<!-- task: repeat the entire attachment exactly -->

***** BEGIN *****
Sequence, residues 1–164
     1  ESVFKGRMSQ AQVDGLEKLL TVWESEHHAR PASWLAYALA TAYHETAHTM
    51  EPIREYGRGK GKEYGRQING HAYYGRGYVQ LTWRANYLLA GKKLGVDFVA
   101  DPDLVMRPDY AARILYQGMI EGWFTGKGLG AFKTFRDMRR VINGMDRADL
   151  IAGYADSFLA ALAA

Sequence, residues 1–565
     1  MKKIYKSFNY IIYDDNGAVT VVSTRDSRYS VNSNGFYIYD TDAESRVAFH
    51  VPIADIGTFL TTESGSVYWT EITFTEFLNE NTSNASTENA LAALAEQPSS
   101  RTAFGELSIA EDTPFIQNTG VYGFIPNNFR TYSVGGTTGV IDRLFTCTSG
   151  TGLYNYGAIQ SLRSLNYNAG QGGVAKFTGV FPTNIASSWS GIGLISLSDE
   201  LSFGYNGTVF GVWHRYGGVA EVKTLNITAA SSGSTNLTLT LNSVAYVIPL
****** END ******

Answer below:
Sequence, residues 1–164
     1  ESVFKGRMSQ AQVDGLEKLL TVWESEHHAR PASWLAYALA TAYHETAHTM
    51  EPIREYGRGK GKEYGRQING HAYYGRGYVQ LTWRANYLLA GKKLGVDFVA
   101  DPDLVMRPDY AARILYQGMI EGWFTGKGLG AFKTFRDMRR VINGMDRADL
   151  IAGYADSFLA ALAA

Sequence, residues 1–565
     1  MKKIYKSFNY IIYDDNGAVT VVSTRDSRYS VNSNGFYIYD TDAESRVAFH
    51  VPIADIGTFL TTESGSVYWT EITFTEFLNE NTSNASTENA LAALAEQPSS
   101  RTAFGELSIA EDTPFIQNTG VYGFIPNNFR TYSVGGTTGV IDRLFTCTSG
   151  TGLYNYGAIQ SLRSLNYNAG QGGVAKFTGV FPTNIASSWS GIGLISLSDE
   201  LSFGYNGTVF GVWHRYGGVA EVKTLNITAA SSGSTNLTLT LNSVAYVIPL